Using several different tracks and several different listening criteria, I completed my evaluation as Leonard and Louie had. Sonnie, our host, was not convinced he could hear any difference consistently and passed on this part of the testing.

When Dennis came to my house to add his own evaluation data, we used the same method for his work. His results tracked extremely well with that of the rest of us for that pair of DACs that was used for the body of our blind testing.

I have to say that I was quite surprised to find that my own original listening and evaluation method was so flawed, and delighted to find that a very simple approach was highly accurate. I have found ways to use that same method in my own private testing and evaluation work numerous times since then, always with great success.

I understand that this is not ABX testing as it is commonly defined. Our method was not double-blind, and the listeners know exactly which DACs were involved through the blind testing. There are a lot of ways to set up any kind of such tests or evaluations, some are extremely difficult from the listener’s perspective and some are easier on the listener. We purposely chose one that was fairly easy on the listener while still giving data that could lead to statistically significant and meaningful results.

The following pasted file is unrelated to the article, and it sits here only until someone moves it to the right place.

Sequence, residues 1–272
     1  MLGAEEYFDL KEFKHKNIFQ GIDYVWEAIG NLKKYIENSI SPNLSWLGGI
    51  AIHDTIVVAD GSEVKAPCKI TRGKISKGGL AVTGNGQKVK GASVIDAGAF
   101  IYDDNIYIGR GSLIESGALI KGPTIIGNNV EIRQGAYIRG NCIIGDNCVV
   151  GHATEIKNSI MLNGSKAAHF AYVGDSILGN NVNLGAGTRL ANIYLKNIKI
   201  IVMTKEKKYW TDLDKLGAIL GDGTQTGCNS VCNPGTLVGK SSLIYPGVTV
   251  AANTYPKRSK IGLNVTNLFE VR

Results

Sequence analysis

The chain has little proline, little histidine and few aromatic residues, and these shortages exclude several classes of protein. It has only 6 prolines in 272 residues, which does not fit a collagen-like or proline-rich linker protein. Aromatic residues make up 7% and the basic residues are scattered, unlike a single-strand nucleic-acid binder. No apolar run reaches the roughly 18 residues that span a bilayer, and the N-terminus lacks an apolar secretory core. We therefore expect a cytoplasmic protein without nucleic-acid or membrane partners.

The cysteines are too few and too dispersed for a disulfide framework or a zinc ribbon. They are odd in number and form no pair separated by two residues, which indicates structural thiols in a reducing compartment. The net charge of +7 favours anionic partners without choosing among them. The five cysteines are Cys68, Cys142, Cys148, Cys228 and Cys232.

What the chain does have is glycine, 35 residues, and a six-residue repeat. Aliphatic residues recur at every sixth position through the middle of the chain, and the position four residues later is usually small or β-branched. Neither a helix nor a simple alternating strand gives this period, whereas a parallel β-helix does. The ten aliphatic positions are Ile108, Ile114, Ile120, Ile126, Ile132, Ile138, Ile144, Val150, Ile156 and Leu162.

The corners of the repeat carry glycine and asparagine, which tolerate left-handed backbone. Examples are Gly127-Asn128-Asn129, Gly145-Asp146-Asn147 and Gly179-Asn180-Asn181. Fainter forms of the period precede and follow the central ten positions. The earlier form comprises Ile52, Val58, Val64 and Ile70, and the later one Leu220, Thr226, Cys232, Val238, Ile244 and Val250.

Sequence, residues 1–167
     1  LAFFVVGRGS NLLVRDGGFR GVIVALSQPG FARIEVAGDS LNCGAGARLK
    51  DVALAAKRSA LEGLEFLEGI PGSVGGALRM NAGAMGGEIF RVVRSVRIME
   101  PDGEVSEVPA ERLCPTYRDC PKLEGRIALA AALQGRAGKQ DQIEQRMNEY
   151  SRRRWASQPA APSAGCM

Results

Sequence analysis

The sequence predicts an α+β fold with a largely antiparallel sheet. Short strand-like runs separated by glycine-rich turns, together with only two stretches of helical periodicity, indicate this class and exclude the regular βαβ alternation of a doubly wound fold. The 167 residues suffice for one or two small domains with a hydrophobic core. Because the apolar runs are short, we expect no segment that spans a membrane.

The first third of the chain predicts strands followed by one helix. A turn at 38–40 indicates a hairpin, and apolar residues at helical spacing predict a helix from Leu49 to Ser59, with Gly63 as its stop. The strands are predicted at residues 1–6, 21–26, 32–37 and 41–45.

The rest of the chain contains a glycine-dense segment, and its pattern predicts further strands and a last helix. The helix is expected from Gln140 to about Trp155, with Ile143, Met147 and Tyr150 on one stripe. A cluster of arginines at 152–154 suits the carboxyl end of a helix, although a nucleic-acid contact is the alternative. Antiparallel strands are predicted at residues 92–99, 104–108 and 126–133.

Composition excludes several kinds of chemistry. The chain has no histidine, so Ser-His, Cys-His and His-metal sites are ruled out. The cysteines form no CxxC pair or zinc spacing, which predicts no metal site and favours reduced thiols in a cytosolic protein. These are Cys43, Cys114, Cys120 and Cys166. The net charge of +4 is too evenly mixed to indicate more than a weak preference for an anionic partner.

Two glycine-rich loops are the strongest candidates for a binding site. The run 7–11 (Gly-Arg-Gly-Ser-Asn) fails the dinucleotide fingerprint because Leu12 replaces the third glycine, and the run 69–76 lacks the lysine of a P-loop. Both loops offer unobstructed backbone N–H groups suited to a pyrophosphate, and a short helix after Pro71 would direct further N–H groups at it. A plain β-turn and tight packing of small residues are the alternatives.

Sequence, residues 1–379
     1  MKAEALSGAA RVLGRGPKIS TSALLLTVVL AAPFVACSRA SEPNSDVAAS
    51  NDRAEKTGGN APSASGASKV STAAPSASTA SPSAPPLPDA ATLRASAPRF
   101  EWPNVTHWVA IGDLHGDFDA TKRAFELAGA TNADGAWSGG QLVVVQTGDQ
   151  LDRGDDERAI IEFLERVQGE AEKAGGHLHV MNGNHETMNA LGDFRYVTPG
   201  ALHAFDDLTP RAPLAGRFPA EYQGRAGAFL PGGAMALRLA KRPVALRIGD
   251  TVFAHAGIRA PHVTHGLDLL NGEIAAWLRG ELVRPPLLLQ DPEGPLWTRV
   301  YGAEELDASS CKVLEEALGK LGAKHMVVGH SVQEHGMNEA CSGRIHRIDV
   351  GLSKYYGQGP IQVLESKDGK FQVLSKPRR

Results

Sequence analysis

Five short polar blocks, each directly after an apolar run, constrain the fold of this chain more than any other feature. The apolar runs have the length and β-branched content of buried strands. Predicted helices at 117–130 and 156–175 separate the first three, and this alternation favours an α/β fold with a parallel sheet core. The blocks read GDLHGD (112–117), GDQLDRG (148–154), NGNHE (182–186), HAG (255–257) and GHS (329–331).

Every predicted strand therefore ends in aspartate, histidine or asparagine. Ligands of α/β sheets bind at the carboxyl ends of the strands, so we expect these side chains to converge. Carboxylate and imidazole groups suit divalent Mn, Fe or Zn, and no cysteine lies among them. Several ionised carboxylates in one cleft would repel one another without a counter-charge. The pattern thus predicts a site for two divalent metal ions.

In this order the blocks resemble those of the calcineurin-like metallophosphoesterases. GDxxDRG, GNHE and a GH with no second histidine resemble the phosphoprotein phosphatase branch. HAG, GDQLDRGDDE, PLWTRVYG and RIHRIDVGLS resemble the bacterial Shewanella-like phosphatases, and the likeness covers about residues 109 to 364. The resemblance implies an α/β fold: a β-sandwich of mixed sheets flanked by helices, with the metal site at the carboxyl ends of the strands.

Day Two: Evaluation Results

Leonard will add the data here.
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Notes On TOSLINK and Fiber Optics in Audio

The first issue to be resolved in planning for this event was how to have the same signal running to two DACs at the same time so their outputs could easily be A-B compared. The easiest to set up would be using SPDIF serial digital, either TOSLINK or Coax, along with a splitter so it could be sent to 2 DACs at the same time. I decided on TOSLINK because it was supported by the DACs we had in mind, and would not create any new system ground loops or grounding issues when in use.

A little research online will pull up many comments, reviews, and articles stating that TOSLINK does not sound as good as other digital connections. That sounded to me like the kind of claim that is based on hype, faulty listening tests, or poorly executed reviews, so I decided to find out for myself. I have been using TOSLINK successfully for some time in my own system, and have had excellent results with it.

Following is a block diagram of the test configuration we would be using.

Text Line Diagram Font Design

The TOSLINK connects in use in my system are inexpensive generic brands. To complete my preparatory TOSLINK evaluation, I ordered 4 each of two different inexpensive brands, plus a more expensive audio grade connect, plus an even more expensive glass fiber (most are plastic), plus a super-long fiber which I knew would be out of spec length-wise for TOSLINK. I already had an inexpensive TOSLINK splitter on hand.